<preprocess include=FILE name="H:\LUDWIG\cdschoud\uk\include\inc001.txt"> Clin Biomech (Bristol, Avon) 2002 May;17(4):257-66
The size of the supraspinatus outlet during elevation of the arm in the frontal and sagittal plane: a 3-D model study.

Meskers CG, van der Helm FC, Rozing PM.

Orthopaedic Laboratory BO-57, Departments of Orthopaedic Surgery and Rehabilitation Medicine, Leiden University Medical Center, P.O. Box 9600, 2300 RC Leiden, The Netherlands. cmeskers@compuserve.com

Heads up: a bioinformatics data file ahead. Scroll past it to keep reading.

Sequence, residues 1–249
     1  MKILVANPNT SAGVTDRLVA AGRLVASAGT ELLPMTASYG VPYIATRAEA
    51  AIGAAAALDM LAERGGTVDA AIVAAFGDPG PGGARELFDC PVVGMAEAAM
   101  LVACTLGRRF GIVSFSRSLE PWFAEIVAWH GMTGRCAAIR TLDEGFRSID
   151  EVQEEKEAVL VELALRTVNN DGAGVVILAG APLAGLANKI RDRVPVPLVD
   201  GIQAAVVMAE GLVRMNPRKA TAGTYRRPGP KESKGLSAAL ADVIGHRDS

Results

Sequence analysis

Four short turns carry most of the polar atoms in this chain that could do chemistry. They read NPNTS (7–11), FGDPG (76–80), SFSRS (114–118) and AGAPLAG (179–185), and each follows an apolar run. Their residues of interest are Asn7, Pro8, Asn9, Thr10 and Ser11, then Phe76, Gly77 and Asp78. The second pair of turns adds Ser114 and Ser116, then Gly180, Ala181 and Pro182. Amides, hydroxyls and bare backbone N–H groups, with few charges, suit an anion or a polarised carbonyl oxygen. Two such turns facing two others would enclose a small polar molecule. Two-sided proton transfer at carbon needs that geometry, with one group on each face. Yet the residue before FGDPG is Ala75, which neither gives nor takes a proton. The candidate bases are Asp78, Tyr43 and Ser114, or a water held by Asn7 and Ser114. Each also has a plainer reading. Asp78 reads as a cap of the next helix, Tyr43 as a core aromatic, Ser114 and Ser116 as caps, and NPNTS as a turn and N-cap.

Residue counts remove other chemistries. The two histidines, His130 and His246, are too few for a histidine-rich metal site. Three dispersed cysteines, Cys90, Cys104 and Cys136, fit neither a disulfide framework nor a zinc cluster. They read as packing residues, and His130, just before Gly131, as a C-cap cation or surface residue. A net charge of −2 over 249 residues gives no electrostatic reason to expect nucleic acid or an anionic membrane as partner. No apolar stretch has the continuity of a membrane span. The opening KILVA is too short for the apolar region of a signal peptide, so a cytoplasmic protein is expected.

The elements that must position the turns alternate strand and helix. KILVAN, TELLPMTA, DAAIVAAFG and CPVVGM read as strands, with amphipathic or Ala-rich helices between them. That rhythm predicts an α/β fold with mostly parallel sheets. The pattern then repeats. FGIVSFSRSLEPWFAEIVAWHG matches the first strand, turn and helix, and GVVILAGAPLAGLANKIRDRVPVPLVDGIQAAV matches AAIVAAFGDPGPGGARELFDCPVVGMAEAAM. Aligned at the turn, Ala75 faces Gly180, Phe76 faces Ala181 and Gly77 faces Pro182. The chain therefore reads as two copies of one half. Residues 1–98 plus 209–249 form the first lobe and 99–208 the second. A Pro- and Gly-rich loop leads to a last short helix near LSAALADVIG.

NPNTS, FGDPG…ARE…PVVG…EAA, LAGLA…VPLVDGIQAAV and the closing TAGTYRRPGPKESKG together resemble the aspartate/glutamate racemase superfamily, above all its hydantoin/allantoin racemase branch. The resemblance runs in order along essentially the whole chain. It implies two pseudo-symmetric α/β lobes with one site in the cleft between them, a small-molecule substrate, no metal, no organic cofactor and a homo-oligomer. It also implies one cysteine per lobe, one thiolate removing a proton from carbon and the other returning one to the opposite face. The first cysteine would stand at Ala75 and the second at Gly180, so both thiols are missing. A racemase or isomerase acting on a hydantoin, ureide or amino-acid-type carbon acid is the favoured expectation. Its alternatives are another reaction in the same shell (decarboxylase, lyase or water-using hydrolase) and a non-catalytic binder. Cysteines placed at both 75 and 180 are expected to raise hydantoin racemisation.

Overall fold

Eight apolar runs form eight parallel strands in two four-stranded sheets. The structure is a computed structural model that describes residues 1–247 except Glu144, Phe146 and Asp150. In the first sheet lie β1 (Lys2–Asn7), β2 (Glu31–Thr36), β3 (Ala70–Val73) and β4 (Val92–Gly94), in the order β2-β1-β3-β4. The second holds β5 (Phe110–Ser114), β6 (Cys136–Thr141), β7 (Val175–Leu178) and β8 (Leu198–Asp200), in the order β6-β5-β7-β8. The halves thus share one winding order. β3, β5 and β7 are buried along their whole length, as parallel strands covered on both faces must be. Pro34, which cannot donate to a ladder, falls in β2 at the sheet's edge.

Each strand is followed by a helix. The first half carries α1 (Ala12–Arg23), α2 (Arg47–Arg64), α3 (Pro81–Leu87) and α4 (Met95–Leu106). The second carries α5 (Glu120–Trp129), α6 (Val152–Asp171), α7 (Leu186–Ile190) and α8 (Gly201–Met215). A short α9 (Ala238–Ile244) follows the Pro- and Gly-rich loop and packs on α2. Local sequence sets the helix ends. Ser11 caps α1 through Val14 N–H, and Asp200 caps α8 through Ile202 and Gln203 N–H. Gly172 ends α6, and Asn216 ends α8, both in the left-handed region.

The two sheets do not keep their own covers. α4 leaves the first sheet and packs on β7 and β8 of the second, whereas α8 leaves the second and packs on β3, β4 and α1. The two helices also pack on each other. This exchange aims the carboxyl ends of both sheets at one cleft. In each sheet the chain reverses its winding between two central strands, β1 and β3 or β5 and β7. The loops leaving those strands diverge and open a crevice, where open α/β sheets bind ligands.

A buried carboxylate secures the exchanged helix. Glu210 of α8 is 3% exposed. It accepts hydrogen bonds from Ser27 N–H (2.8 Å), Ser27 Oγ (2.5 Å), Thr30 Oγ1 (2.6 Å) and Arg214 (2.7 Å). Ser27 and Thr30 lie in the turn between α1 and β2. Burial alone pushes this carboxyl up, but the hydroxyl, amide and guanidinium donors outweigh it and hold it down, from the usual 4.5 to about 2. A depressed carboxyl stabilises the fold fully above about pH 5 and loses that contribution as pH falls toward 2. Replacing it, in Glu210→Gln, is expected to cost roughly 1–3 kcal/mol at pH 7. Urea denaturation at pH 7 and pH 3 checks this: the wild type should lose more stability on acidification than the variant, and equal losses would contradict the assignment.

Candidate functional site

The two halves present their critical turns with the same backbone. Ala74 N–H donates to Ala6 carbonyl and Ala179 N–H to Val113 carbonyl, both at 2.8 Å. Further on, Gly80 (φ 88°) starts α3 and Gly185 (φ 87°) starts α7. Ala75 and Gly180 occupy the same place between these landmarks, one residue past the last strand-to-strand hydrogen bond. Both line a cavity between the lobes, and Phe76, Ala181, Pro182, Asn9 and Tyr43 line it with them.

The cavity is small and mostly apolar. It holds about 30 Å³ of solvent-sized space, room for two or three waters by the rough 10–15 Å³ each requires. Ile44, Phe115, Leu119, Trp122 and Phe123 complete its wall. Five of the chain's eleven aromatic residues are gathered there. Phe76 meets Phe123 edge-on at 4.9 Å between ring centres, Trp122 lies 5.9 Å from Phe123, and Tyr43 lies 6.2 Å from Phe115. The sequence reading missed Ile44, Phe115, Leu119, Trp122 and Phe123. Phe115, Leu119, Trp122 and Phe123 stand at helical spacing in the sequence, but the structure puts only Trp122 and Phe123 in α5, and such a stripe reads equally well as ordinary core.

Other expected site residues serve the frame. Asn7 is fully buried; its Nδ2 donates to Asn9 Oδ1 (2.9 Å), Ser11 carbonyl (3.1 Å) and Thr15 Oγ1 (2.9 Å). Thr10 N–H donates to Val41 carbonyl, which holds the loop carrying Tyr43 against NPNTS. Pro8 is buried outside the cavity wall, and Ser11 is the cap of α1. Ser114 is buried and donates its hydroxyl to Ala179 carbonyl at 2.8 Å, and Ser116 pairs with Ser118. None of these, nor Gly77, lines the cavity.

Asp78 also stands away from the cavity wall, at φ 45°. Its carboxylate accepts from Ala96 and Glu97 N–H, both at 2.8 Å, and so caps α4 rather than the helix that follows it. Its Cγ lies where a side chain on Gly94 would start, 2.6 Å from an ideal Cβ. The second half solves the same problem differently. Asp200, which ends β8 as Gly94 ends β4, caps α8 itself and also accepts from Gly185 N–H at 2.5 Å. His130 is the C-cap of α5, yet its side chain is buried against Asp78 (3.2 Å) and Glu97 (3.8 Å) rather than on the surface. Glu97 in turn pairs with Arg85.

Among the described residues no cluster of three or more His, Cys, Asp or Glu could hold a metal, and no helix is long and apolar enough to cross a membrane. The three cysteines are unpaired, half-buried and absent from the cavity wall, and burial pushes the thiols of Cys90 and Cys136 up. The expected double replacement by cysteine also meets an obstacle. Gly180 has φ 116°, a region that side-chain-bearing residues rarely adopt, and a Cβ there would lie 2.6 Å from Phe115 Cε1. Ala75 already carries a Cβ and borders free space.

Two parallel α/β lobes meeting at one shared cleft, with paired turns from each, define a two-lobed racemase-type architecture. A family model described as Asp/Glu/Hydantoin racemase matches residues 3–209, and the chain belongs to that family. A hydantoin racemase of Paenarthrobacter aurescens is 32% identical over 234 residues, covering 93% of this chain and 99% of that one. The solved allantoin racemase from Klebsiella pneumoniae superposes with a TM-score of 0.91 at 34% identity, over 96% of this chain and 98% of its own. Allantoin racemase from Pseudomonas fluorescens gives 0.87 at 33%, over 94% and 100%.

OBJECTIVE: To quantify the size of the supraspinatus outlet as it is dictated by both the three-dimensional geometry of the shoulder and the relative orientation of the humerus with respect to the scapula during motions of the arm. DESIGN: Previously obtained data of shoulder kinematics were brought into a geometrical model of the shoulder, derived from a cadaver study. BACKGROUND: Knowledge of the parameters dictating the size of the supraspinatus outlet is essential for a better understanding of the impingement syndrome of the shoulder. METHODS: A geometrical model, based on fitting spheres to various anatomical items of the shoulder was derived from three-dimensional position data of the gleno-humeral joint and coraco-acromial arch of 32 cadaver shoulders. Kinematical data were collected from 10 healthy volunteers. The geometrical and kinematical data were combined to study the supraspinatus outlet during elevation of the humerus in the frontal and sagittal plane. RESULTS: No single geometry parameter correlated significantly with the initial size of the outlet. During arm elevation, the greater tuberosity was moved away from the coraco-acromial arch quite effectively resulting in narrowing of the outlet during elevation in the frontal plane from 60 degrees to 120 degrees only. Deviations from the average were quite substantial. This was caused by kinematical and especially geometrical variability. CONCLUSION: The size of the outlet is dictated by both the geometry and kinematics of the gleno-humeral joint. Assessment of the individual susceptibility to impingement requires three-dimensional viewing techniques including three-dimensional movements of both the scapula and humerus. RELEVANCE: Little is known about etiology and pathogenesis of various shoulder disorders such as the impingement syndrome. The supraspinatus outlet plays probably a key role. More knowledge on the architecture of the outlet is required for a better understanding.